The best advice I have for you is to see the Related Links below for a good idea on the Escape From Sobibor. Watch the made-for-TV film (included in the links below) for a very good, detailed idea of the… Full Answer
The inmates knew that if one or two escaped, another would be shot in their place. They worked as a team to escape. 11 SS guards and a number of Ukranians were killed during the escape. I encourage you to… Full Answer
The majority of Jews who were taken to Sobibor were Polish. There were a decent number of Ukrainian gaurds. Later in the camps history a group of Jewish Soviet POW's were sent to Sobibor (one of which was Sasha Pechersky… Full Answer
Escape from Sobibor - 1987 TV was released on: USA: 12 April 1987 Norway: October 1987 (video premiere) West Germany: April 1988 (video premiere) Finland: 23 January 1990 Japan: 20 January 1992 (video premiere) Sweden: 24 August 2002 (DVD premiere)
They knew if just one person escaped, another at the camp would be shot. So, of course, they had to create a mass-escape. They killed 11 SS guards and a ton of Ukrainian guards. 300 of 600 prisoners escaped, although… Full Answer
Yes, the most famous being Sobibor. There were many more attempted revolts, but most did not result in anyone escaping. Most did not expect anyone to escape, but revolted rather than going meekly to their deaths.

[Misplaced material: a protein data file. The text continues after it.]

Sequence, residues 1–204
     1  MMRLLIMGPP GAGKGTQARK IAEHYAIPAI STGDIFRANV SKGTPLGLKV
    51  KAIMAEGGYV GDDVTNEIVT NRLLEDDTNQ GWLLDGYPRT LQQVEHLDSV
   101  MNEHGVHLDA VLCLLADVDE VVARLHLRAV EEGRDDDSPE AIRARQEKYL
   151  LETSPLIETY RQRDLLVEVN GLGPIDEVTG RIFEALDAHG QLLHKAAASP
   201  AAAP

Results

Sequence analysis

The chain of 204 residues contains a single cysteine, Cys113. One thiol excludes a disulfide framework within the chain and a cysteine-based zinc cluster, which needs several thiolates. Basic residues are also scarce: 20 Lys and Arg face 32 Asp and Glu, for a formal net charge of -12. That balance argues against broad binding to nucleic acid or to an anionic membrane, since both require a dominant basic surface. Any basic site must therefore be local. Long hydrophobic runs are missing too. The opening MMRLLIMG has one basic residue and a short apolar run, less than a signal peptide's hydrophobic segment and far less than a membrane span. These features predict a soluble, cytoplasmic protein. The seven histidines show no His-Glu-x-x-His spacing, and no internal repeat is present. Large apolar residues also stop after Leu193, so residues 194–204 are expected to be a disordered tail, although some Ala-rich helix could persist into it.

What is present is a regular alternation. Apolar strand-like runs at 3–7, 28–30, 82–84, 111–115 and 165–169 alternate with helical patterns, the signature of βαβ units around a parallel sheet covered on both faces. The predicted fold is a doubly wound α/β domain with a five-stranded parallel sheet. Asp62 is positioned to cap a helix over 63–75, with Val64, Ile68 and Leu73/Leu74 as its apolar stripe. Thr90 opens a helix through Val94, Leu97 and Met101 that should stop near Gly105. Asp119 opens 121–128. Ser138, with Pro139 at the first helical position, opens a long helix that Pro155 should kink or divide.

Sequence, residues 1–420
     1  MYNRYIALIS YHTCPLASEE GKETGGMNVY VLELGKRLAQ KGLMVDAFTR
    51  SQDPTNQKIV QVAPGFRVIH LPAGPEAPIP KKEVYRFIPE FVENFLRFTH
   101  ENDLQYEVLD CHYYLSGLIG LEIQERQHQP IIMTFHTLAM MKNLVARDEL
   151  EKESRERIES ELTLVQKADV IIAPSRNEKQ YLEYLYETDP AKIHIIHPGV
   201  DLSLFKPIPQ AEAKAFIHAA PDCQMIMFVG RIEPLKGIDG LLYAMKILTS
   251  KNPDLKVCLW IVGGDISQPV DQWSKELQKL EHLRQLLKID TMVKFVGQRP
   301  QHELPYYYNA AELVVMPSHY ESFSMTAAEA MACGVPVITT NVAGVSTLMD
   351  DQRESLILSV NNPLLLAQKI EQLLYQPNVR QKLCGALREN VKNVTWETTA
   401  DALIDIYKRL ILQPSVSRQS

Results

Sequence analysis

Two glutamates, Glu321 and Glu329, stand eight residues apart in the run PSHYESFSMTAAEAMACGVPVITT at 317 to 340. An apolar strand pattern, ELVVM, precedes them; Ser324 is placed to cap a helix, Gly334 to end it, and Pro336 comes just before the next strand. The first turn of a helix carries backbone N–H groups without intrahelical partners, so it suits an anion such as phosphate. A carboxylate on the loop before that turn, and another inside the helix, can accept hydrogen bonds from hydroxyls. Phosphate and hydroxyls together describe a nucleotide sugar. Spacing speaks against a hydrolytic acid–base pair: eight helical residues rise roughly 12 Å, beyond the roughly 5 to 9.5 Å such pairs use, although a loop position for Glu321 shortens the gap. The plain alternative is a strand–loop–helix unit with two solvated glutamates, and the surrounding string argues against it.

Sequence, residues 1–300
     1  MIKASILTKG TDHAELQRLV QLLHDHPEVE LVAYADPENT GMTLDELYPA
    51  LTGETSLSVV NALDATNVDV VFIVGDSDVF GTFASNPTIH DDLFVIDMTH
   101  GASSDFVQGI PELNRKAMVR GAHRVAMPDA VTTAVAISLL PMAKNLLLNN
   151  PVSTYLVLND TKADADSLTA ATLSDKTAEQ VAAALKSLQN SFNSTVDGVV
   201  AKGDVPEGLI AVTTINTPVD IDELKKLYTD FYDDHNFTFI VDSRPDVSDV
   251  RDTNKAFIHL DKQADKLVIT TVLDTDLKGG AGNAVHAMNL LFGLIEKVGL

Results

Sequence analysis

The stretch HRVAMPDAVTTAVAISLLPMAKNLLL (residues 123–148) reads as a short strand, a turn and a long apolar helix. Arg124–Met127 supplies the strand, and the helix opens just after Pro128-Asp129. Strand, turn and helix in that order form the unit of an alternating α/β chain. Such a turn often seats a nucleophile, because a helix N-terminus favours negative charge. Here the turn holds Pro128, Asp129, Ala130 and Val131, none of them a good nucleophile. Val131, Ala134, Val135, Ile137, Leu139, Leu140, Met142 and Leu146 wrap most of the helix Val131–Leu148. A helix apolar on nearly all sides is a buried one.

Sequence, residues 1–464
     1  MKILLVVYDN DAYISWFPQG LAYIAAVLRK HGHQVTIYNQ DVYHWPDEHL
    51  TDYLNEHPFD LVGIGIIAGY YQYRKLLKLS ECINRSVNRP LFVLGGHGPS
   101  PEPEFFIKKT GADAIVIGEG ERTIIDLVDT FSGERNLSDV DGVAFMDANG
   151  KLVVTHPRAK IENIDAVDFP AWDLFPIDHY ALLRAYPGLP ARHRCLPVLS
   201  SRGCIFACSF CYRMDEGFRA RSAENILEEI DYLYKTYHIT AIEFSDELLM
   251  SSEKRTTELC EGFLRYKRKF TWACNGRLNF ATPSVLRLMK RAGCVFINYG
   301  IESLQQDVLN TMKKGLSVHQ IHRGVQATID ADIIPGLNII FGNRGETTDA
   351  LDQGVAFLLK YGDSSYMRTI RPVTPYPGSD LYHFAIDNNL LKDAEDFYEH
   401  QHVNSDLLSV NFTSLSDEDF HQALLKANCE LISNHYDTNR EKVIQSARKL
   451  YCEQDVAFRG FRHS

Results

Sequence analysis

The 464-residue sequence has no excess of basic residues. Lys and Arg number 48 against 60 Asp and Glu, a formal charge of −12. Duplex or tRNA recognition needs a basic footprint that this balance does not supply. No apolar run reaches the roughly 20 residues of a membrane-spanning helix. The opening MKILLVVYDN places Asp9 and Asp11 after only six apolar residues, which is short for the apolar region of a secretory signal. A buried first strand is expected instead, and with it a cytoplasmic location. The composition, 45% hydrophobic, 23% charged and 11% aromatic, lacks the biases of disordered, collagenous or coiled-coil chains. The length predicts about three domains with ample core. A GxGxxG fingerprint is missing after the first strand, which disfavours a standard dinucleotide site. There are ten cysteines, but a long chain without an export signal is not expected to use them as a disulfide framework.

Once Jews were actually in concentration camps, escape was almost impossible. At Sobibor there was an uprising and a few hundred prisoners managed to break out, but only about 200 prisoners managed to avoid recapture. * Auschwitz - About 300… Full Answer
the sobibor was closed because the government military searched the camp and jailed Franz Stangl. He was let out in 1945 and became commander of Treblinka. Sobibor had no leader or boss to control the camp....
It was nearly impossible since guards surrounded almost the entire fenced area but a few did. It was not enough to escape, however. They had to avoid recapture. For example, Rudolf Reder escaped from Belzec in 1943 and managed to… Full Answer
They DID. Major revolts took place in three camps; Auschwitz, Treblinka, and Sobibor. Sobibor was the most successful, with 11 SS guards killed and 300 of the 600 prisoners escaping. (This was documented in the film, Escape from Sobibor*) There… Full Answer
250,000 people were murdered in the extermination camp Sobibor. Only 50 people from Sobibor survived the war; although historians figure if the inmates would not have revolted, the number would have been much less.